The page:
Today, homes are more in need of whole home electrical surge protection than ever before. With the increasing use of technology and electronics, 80 percent of the electrical surges in a home are generated by people. Generators and appliances such as air conditioning units and washing machines introduce small surges into a home’s electrical lines. These surges build up over the years, degrading the performance of electronics and harming the electrical systems in your home.
Whole-home surge protection can be built into your home’s breaker panel. Appliances send power surges through the electrical lines to the breaker panel. A whole-home surge protection system can shunt most of the impact to protect everything else in the home.
Many homeowners find themselves regularly swapping plugs or using devices like a power strip or electrical surge protection device. While these can work in many situations, many make the mistake of relying on surge protectors power strip too much. Every year, thousands of home fires result from surge protectors, power strips, and electrical cords.
At Mister Sparky, we don’t want to see you caught up in an electrical emergency, so we’ve compiled a short list of electrical surge protection safety tips:
HOME ELECTRICAL SURGE PROTECTION DO’S AND DON’TS
Do only use power strips for light-load appliances (including computers, lamps, clocks).
Do use surge protectors or power strips that have an internal circuit breaker. These units will trip the breaker if the power strip is overloaded or shorted to prevent overheating.
Do use power strips sparingly. They aren’t designed to maintain a load for extended periods of time and can overheat if used too frequently.
Do use surge protectors or power strips that are UL (Underwriters Laboratory) or ETL (Electrical Testing Laboratories) approved. The UL or ETL label must never be removed from the unit. On the underside of the casing, there should be the manufacturer’s name and the name of the testing lab where the unit was tested.
Do visually inspect all surge protectors or power strips on a regular basis to ensure that they are not damaged or showing signs of degradation. During the visual inspection, ensure that the plug is fully engaged in their respective outlets.
Do unplug the surge protector or plug strip when the unit is not in use.
Don’t ever plug a surge protector or power strip into an existing surge protector or power strip. This practice is called “daisy-chaining” or “piggybacking” and can lead to serious electrical problems.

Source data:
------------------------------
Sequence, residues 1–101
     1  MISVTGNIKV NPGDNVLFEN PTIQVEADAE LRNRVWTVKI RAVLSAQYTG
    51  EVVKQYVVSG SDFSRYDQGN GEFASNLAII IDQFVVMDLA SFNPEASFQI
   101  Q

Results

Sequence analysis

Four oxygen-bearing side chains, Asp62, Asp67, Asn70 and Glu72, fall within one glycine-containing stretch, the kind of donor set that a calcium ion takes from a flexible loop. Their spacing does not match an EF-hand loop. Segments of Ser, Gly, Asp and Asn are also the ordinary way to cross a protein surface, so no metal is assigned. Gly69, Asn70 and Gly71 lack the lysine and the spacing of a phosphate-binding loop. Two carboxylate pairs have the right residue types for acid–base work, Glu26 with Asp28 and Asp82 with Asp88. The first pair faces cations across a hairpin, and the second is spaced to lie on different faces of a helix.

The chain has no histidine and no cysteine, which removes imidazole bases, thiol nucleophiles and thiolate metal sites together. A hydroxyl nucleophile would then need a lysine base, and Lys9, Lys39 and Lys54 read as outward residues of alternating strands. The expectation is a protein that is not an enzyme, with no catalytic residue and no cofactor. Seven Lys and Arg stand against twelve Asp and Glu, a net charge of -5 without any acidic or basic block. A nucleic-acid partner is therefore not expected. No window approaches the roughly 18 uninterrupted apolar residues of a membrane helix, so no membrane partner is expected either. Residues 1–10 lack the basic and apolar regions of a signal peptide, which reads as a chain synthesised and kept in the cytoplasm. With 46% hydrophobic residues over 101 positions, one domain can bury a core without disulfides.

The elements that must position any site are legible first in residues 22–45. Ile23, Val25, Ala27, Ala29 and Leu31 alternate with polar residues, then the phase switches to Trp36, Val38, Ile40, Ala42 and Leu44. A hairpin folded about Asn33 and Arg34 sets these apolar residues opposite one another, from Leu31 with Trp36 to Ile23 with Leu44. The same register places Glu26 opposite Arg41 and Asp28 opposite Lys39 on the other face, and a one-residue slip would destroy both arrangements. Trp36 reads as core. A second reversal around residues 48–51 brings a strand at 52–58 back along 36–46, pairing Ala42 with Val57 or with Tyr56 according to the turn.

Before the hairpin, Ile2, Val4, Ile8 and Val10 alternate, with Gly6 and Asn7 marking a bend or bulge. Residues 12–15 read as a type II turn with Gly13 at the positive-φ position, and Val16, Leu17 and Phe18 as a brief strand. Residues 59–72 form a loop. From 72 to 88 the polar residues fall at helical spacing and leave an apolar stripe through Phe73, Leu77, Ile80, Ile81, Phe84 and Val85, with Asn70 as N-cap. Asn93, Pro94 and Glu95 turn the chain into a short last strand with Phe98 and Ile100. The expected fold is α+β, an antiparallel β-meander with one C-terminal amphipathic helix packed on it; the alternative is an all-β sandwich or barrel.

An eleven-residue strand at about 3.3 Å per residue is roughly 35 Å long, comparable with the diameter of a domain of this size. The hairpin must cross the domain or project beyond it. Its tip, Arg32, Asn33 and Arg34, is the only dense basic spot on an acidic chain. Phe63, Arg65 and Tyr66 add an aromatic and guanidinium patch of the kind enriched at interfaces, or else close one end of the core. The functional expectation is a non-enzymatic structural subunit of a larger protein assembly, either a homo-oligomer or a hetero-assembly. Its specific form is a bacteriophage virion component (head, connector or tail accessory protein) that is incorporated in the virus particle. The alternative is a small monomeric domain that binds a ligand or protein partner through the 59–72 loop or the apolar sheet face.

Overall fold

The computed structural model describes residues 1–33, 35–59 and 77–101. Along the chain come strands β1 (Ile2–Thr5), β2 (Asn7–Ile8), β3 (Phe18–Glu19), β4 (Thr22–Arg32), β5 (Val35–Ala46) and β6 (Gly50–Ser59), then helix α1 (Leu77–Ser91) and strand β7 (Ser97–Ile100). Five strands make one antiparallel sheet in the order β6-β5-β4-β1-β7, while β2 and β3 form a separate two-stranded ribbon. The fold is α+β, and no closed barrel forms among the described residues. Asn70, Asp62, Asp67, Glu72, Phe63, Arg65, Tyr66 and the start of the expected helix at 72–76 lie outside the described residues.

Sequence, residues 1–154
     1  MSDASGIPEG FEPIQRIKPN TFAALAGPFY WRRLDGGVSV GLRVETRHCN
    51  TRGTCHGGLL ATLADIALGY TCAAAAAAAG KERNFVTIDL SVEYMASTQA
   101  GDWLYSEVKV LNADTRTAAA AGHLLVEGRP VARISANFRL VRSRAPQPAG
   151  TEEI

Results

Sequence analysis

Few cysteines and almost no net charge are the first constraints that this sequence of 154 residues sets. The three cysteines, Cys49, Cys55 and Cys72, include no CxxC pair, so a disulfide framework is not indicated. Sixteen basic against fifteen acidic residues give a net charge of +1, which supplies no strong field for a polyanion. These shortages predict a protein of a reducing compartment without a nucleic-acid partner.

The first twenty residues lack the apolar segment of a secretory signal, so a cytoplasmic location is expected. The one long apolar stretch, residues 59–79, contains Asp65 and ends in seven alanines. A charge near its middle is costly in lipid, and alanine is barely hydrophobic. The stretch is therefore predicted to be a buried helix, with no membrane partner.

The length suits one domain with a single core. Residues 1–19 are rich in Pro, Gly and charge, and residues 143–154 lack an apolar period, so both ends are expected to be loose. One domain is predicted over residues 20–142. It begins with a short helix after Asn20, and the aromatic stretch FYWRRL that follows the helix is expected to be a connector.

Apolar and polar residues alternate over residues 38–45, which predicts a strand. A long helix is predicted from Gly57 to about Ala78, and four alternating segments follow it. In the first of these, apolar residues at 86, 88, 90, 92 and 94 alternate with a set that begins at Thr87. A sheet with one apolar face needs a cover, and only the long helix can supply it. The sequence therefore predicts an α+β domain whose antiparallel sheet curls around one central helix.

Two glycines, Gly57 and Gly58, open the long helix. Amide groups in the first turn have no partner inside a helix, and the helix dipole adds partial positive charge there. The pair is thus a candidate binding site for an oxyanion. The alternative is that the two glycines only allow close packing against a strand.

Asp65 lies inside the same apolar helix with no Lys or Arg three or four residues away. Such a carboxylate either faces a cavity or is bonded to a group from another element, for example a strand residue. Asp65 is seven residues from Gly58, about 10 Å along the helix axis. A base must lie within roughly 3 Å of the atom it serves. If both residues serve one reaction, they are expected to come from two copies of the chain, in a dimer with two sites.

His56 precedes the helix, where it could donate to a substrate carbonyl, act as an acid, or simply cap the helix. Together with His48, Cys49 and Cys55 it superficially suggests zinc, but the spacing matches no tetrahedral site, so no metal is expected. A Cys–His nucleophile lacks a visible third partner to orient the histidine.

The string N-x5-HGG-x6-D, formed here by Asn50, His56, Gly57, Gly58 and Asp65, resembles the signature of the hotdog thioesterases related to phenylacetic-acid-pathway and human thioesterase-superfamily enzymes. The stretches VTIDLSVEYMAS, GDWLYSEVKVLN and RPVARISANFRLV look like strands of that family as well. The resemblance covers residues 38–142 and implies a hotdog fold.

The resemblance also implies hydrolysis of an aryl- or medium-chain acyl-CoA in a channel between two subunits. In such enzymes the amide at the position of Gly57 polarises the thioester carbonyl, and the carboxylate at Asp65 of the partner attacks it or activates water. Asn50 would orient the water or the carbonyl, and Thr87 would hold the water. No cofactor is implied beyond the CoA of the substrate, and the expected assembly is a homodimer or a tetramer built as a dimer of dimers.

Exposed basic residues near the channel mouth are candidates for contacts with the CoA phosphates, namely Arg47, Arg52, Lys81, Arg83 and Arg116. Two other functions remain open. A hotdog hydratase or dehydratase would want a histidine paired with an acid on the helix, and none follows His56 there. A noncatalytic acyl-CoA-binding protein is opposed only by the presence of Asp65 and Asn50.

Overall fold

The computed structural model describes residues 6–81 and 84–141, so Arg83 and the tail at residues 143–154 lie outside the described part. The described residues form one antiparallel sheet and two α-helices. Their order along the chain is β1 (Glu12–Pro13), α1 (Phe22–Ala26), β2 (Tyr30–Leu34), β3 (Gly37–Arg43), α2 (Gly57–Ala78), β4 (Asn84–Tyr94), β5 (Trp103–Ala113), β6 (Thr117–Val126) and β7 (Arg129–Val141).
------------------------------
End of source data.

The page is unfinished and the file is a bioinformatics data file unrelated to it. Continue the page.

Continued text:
Don’t use surge protectors or power strips in moist areas. No kitchens, no utility rooms, no patios, and definitely no basements.
Don’t continue to use a surge protector or power strip if it feels hot. Remove and replace the unit.
Don’t cover a surge protector or power strip. Covering can smother the power strip and provide ample flammable material in the event of failure.
Don’t locate a surge protector or power strip in any area where the unit would be covered with carpet, furniture, or any other item that will limit or prevent air circulation.
Don’t staple, tack or nail a surge protector or power strip to anything. This can harm the cords and increase the risk of electrical fires.
Don’t use surge protectors, power strips, or extension cords as a substitute for permanent wiring.
Don’t use surge protectors or power strips that have a cord longer than 6 feet in length.
Don’t plug medical equipment into a surge protector or power strip unless it is approved for this purpose.
For more information on electrical safety and whole-home surge protection or to schedule an installation, contact Mister Sparky today!
Mister Sparky NWA honors Fire Prevention Week in October! Mister Sparky has been on a mission to educate the public on fire safety, including the proper use and maintenance of smoke detectors.
Your First Line of Defense
Your first line of defense for fire safety is taking proper precautions to avoid a fire in the first place. The top three causes of house fires include faulty electrical, whether that be faulty wiring in the home or poor use of plugs and extension cords. At Mister Sparky Electrician Northwest Arkansas, we offer home electrical inspections to ensure that the wiring in your house is up to code—it’s an inspection that can protect your family from potential house fire issues.
It’s also very important that you adhere to proper electrical safety. Running electrical wires under rugs and heavy furniture, as well as overloading plugs, can be a major fire hazard. Take a look at your electrical appliance cords. Are they loose? Frayed? Any of these issues can result in a house fire.
Smoke Detector Safety
If a house fire begins, your smoke detectors can mean the difference between life and death. Properly maintained smoke detectors will sound the moment smoke is detected in your home – giving you an instant head’s up to exit the home.
Because of the invaluable service smoke detectors provide, it is necessary that they are in optimal running condition. For this reason, it’s important that you replace the batteries in your detectors at least once a year. Also, smoke detectors should be replaced every ten years.
To determine how old a smoke detector is, remove the smoke detector from the wall and look at the back of the unit for a date of manufacture. The manufacture date determines how old a smoke detector is. So if yours is ten years old or older, it’s time to replace your smoke detector!
Mister Sparky Electrician Northwest Arkansas can inspect, test and install smoke detectors in your home, as well as perform home electrical inspections to make sure that your home is safe and up to code on all electrical wiring. So give us a call, we would be happy to ensure that your home is safe and free of any existing or potential electrical problems!